Screwing your way to the top? Good for Lana Del Rey for helping kill that myth

Screwing your way to the top?

Good for Lana Del Rey for helping kill that myth, says Grace Dent
Will the young Britons fighting in Syria be allowed to return home and resume their lives?

Will Britons fighting in Syria be able to resume their lives?

Tony Blair's Terrorism Act 2006 has made it an offence to take part in military action abroad with a "political, ideological, religious or racial motive"
Beyoncé poses as Rosie the Riveter, the wartime poster girl who became a feminist pin-up

Beyoncé poses as Rosie the Riveter

The wartime poster girl became the ultimate American symbol of female empowerment
Climate change threatens to make the antarctic fur seal extinct

Take a good look while you can

How climate change could wipe out this seal
Should emergency hospital weddings be made easier for the terminally ill?

Should emergency hospital weddings be made easier?

Some couples are allowed emergency hospital weddings, others are denied the right. Kate Hilpern reports on the growing case for a compassionate cutting of the red tape
Man Booker Prize 2014 longlist: Crowdfunded novel nominated for first time

Crowdfunded novel nominated for Booker Prize

Paul Kingsnorth's 'The Wake' is in contention for the prestigious award
Vladimir Putin employs a full-time food taster to ensure his meals aren't poisoned

Vladimir Putin employs a full-time food taster

John Walsh salutes those brave souls who have, throughout history, put their knives on the line
Tour de France effect brings Hollywood blockbusters to Yorkshire

Tour de France effect brings Hollywood blockbusters to Yorkshire

A $25m thriller starring Sam Worthington to be made in God's Own Country
The 10 best pedicure products

Feet treat: 10 best pedicure products

Bags packed and all prepped for holidays, but feet in a state? Get them flip-flop-ready with our pick of the items for a DIY treatment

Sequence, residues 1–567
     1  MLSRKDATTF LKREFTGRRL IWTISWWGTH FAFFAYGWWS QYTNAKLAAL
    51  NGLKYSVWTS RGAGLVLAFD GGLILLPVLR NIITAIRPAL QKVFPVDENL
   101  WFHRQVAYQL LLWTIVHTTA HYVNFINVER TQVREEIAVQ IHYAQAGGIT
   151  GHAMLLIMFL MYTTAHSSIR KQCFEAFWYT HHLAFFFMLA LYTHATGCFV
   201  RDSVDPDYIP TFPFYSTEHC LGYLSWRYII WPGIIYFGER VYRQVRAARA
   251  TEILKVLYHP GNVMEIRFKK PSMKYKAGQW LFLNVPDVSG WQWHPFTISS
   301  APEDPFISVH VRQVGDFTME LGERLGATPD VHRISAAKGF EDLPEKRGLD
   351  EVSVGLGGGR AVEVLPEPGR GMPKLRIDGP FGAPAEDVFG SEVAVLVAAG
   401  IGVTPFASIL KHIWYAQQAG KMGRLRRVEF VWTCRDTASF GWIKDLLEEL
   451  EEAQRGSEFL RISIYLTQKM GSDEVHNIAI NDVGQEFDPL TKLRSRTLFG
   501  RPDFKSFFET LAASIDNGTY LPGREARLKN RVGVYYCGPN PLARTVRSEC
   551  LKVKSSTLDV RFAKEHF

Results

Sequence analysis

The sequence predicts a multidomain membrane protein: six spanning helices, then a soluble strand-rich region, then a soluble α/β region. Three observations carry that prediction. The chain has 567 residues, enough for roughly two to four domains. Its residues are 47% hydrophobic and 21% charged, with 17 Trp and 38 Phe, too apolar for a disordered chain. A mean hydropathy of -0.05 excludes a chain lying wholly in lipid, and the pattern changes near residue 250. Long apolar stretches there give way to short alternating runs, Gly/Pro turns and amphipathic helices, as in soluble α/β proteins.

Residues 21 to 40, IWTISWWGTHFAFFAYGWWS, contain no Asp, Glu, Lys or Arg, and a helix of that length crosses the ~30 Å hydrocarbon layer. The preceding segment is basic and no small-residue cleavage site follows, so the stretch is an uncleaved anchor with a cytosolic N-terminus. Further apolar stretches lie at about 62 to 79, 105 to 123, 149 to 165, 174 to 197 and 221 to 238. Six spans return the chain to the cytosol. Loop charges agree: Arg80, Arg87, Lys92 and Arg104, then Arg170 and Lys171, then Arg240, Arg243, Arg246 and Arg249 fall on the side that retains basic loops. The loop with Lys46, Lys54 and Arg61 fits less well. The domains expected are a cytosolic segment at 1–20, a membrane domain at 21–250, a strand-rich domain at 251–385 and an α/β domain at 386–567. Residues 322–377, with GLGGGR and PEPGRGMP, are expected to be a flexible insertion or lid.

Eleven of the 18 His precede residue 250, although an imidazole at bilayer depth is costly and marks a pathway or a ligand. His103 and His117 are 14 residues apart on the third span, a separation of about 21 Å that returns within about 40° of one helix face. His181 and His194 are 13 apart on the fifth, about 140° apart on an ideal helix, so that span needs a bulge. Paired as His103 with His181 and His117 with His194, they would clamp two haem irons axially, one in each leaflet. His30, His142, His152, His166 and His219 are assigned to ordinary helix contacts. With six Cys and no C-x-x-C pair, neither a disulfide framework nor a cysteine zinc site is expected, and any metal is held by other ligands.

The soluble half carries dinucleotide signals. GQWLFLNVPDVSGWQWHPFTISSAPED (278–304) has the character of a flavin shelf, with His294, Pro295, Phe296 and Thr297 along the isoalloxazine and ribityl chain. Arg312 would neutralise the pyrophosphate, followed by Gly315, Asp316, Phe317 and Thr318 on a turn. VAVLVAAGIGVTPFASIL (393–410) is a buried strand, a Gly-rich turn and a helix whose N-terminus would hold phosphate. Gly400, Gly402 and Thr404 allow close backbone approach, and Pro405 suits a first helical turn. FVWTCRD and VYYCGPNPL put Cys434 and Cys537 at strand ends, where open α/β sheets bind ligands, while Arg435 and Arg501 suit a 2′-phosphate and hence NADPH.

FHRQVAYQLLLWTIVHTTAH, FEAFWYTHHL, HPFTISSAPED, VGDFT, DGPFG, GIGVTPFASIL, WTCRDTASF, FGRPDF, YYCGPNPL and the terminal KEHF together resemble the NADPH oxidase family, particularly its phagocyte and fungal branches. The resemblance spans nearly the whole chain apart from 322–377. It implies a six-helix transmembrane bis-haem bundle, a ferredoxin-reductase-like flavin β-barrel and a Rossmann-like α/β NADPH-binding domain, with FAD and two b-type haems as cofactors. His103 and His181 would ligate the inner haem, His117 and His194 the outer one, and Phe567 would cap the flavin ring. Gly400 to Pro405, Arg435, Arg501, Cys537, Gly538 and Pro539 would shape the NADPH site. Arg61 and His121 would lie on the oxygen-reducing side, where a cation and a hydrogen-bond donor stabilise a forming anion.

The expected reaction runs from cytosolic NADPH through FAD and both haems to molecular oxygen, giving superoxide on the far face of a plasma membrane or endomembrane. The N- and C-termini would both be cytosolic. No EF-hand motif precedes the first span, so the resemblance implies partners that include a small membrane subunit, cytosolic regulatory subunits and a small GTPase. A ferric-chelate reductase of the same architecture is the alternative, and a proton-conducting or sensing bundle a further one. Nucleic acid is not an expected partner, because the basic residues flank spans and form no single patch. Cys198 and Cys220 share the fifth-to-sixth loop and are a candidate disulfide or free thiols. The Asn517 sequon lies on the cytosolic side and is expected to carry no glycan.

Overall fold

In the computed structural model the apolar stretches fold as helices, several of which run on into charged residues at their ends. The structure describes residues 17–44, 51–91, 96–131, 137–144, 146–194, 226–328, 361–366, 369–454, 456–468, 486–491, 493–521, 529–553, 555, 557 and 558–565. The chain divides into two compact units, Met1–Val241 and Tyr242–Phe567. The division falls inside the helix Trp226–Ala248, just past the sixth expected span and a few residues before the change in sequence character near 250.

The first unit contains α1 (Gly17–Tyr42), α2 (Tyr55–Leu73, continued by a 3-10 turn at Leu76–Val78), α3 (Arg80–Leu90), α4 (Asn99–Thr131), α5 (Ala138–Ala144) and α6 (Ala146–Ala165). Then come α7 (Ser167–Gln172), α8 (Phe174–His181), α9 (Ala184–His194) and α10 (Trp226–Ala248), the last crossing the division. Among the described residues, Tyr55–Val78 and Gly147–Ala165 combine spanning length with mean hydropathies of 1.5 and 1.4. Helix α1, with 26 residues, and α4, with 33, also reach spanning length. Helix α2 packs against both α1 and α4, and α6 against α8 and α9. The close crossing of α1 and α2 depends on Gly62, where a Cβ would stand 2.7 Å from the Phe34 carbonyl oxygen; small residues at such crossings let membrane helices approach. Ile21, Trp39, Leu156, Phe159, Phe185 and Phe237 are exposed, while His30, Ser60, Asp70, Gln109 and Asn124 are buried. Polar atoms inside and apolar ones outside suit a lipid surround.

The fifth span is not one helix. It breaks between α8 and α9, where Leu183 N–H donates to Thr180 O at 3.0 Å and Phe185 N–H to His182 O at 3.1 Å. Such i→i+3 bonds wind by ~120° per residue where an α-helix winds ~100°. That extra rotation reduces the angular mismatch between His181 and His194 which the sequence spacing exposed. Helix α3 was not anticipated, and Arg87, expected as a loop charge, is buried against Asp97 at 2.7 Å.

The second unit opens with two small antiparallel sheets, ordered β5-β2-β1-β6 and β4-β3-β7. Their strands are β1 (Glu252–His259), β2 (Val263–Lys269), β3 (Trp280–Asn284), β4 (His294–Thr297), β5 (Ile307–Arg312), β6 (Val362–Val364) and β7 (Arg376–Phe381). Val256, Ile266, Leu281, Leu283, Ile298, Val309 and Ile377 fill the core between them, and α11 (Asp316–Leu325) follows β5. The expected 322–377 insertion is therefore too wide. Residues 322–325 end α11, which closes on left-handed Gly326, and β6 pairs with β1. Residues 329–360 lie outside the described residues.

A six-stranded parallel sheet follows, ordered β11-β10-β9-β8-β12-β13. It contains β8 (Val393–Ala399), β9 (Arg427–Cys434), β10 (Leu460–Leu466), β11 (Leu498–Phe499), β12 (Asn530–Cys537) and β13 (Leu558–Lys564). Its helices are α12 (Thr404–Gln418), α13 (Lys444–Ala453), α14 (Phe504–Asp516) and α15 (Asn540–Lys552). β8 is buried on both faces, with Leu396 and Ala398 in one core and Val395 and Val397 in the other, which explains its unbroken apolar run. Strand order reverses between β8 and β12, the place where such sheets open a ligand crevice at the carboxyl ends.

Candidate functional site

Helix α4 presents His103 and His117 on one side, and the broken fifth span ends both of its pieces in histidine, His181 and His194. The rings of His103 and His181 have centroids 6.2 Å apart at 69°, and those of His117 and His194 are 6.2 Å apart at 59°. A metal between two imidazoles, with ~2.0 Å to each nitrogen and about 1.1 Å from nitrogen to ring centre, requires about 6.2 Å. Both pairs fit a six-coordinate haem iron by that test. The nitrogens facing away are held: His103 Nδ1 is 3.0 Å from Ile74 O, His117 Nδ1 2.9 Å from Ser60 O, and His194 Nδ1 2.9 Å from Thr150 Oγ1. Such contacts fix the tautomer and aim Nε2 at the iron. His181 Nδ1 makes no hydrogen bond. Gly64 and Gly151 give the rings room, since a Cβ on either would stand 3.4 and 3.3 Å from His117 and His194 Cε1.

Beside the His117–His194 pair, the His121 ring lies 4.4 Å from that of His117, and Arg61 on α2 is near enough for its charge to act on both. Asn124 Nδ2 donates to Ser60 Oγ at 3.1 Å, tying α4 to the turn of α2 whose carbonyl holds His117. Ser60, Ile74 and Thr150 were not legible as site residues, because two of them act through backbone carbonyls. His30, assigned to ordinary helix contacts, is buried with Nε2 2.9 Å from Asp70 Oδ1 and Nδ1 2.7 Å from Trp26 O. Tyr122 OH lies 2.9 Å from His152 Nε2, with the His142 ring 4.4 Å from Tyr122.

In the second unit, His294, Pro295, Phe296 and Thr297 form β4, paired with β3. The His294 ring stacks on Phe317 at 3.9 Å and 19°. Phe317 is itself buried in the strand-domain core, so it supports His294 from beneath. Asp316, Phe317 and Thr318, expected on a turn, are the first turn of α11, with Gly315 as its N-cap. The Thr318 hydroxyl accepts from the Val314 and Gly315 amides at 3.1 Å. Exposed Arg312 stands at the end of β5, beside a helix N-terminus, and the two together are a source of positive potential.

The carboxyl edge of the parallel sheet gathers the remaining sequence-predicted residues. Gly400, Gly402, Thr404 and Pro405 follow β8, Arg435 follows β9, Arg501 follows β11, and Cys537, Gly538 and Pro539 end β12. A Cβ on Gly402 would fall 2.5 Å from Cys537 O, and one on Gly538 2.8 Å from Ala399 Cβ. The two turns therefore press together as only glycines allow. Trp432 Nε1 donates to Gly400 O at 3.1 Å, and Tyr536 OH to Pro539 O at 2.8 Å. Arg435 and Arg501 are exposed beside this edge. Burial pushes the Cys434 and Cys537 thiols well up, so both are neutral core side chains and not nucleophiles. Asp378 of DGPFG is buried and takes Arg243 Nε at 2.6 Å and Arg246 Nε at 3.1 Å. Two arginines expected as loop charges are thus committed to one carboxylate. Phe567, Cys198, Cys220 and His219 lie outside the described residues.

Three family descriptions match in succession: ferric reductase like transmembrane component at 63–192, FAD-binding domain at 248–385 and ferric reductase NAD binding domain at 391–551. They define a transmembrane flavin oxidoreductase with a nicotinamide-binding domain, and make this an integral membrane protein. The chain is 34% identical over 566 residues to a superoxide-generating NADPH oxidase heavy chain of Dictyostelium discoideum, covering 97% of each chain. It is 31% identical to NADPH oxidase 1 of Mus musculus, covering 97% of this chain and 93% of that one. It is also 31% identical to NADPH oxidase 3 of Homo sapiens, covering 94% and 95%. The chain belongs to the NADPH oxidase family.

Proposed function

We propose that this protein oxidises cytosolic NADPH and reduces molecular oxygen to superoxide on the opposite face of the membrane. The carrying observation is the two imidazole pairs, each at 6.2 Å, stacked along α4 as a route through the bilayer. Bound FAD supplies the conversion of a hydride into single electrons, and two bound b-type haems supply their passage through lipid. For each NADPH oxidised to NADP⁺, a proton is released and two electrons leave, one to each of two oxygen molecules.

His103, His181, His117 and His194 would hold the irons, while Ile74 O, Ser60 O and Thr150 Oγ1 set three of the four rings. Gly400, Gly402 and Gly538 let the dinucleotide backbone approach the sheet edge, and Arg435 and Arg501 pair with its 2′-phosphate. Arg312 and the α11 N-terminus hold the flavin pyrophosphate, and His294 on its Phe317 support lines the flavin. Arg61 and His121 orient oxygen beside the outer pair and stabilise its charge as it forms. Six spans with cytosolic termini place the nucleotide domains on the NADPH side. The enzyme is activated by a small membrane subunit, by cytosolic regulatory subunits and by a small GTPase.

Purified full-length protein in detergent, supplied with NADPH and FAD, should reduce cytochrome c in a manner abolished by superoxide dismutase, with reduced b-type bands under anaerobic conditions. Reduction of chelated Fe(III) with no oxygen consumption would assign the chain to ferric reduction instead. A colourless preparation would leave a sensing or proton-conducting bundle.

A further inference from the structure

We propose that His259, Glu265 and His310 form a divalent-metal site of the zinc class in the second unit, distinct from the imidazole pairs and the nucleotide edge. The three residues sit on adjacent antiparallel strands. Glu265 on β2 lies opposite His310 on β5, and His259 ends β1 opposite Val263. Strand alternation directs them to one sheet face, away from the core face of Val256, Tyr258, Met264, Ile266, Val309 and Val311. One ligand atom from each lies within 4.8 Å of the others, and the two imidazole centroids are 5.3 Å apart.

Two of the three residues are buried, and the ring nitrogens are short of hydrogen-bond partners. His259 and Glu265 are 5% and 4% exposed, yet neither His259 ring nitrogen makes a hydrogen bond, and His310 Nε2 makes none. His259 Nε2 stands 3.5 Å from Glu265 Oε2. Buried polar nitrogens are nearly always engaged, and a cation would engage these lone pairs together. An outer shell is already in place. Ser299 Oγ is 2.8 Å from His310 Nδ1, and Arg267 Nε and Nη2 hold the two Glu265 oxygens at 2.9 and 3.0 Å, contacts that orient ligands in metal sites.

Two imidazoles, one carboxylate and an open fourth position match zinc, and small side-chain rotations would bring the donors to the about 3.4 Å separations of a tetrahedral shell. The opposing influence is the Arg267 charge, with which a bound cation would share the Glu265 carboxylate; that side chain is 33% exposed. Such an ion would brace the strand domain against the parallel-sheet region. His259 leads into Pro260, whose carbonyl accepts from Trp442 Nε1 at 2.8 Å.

Noel Fielding's 'Luxury Comedy': A land of the outright bizarre

Noel Fielding's 'Luxury Comedy'

A land of the outright bizarre
What are the worst 'Word Crimes'?

What are the worst 'Word Crimes'?

‘Weird Al’ Yankovic's latest video is an ode to good grammar. But what do The Independent’s experts think he’s missed out?
Can Secret Cinema sell 80,000 'Back to the Future' tickets?

The worst kept secret in cinema

A cult movie event aims to immerse audiences of 80,000 in ‘Back to the Future’. But has it lost its magic?
Facebook: The new hatched, matched and dispatched

The new hatched, matched and dispatched

Family events used to be marked in the personal columns. But now Facebook has usurped the ‘Births, Deaths and Marriages’ announcements
Why do we have blood types?

Are you my type?

All of us have one but probably never wondered why. Yet even now, a century after blood types were discovered, it’s a matter of debate what they’re for
Honesty box hotels: You decide how much you pay

Honesty box hotels

Five hotels in Paris now allow guests to pay only what they think their stay was worth. It seems fraught with financial risk, but the honesty policy has its benefit